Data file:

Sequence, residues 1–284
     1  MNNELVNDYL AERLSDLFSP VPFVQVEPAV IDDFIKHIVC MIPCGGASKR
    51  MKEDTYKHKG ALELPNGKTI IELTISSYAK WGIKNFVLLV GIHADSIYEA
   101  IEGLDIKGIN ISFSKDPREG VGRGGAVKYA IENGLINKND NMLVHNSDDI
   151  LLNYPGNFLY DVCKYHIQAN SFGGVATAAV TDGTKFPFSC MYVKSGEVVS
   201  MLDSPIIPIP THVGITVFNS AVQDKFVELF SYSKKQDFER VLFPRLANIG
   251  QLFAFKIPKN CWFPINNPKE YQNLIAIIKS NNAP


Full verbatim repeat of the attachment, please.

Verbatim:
Sequence, residues 1–284
     1  MNNELVNDYL AERLSDLFSP VPFVQVEPAV IDDFIKHIVC MIPCGGASKR
    51  MKEDTYKHKG ALELPNGKTI IELTISSYAK WGIKNFVLLV GIHADSIYEA
   101  IEGLDIKGIN ISFSKDPREG VGRGGAVKYA IENGLINKND NMLVHNSDDI
   151  LLNYPGNFLY DVCKYHIQAN SFGGVATAAV TDGTKFPFSC MYVKSGEVVS
   201  MLDSPIIPIP THVGITVFNS AVQDKFVELF SYSKKQDFER VLFPRLANIG
   251  QLFAFKIPKN CWFPINNPKE YQNLIAIIKS NNAP